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Mix fresh, local ingredients with a colorful community of inventive chefs, and you will find the dynamic restaurant scene of Portland. The recipes and dishes in this one-of-a-kind city, cannot be recreated anywhere else. There are a lot of quirks to this city, in terms of both its community and food selection, making it truly an unforgettable place. From the stellar breakfasts, that draw long lines even during the week, to the first-class markets, you will not be disappointed by anywhere you go.

Los Angeles, California

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The food scene in Los Angeles is about as diverse as they come. If there is a part of the world that you would like to taste, you will definitely find it in Los Angeles. People who appreciate the food of their heritage will be pleased to find that restaurants do not have to simplify their cooking for anyone. But at the same time, restaurant goers must all be open to mash-ups of different styles, which put a unique twist on some classic favorites. Similar to Portland, fine dining here is more on the relaxed side.

New Orleans, Louisiana

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While walking throughout New Orleans, there are two things that you will not be able to avoid: Joie de vivre and tradition. The people here love their city, and those who visit can’t help but fall in love as well. The city has its own unique cuisine that is always ready to adopt fresh ideas. But the signature dish, red beans, and rice. You will also not find another city that enjoys their liquids as much as New Orleans.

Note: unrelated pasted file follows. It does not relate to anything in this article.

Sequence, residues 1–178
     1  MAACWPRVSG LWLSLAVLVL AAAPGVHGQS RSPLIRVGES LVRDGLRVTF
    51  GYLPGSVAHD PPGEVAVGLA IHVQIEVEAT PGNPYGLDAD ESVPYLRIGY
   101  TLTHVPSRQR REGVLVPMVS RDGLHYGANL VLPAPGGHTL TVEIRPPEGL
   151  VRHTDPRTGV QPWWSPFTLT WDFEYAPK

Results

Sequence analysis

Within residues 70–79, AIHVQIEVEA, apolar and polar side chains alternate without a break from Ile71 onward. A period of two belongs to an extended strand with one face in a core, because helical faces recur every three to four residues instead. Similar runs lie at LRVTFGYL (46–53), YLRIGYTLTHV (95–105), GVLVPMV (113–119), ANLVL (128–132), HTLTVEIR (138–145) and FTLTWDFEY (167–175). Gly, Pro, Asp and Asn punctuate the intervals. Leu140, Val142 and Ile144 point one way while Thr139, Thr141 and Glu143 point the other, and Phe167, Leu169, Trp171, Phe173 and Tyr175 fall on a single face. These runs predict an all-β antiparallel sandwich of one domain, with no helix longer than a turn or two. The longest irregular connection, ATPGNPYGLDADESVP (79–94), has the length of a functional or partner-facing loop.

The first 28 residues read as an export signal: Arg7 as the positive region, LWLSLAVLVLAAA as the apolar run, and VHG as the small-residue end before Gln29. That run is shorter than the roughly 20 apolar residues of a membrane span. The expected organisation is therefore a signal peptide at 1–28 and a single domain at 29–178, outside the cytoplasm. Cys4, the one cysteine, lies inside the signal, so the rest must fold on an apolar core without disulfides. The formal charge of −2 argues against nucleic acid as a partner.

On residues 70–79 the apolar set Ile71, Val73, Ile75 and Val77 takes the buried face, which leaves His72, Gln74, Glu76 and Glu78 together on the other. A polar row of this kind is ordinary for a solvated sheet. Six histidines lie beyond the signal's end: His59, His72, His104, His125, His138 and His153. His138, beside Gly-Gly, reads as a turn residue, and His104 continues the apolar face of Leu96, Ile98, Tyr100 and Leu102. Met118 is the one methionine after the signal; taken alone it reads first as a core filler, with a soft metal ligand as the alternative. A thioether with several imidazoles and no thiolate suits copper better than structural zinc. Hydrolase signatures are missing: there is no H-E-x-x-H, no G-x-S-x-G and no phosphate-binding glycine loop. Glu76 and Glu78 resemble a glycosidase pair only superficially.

Charleston, South Carolina

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This is the smallest city on the list, but it definitely packs a punch. You will find a great mix of the city’s rich past and some of the latest food fashions. Charleston is home to ace chef Sean Brock, head of the fan-favorite, Husk, who has been an advocate of the farm-to-table style for years. Although it lacks the diversity of culinary representation that is common in some larger cities, Charleston offers a unique charm, unparalleled service, and mouth-watering food.

What You Need To See In San Francisco

San Francisco may be pretty small city geographically, but its attractions and amenities are some of the biggest and best in the world. Packed into these 49 square mile area, you will find architectural wonders, a great history, amazing food, and even better people. Here is a list of the 8 best things San Francisco has to offer visitors.

1) Walk Over The Golden Gate Bridge

The Golden Gate Bridge is the most famous bridge in the world. Spanning 1.7 miles, this bridge will leave you absolutely speechless. Once you witness this architectural marvel for yourself, you will understand why it is one of the most photographed things on earth. There are approximately 120,000 automobiles that drive across this bridge every day. You can also travel across the bridge by foot and bikes as well.

2) Ride A Cable Car

The cable cars in San Francisco have been transporting people around the city since the late 19th century. The cars run on tracks are are moved on underground cables on three different routes that are in operation. Their familiar bells can be heard ringing from blocks away, warning pedestrians of their presence. At the turnarounds at the end of the route, you can purchase a ticket to ride the cars. A trip on the cable car offers spectacular views of the cities celebrated hills.

3) Visit Alcatraz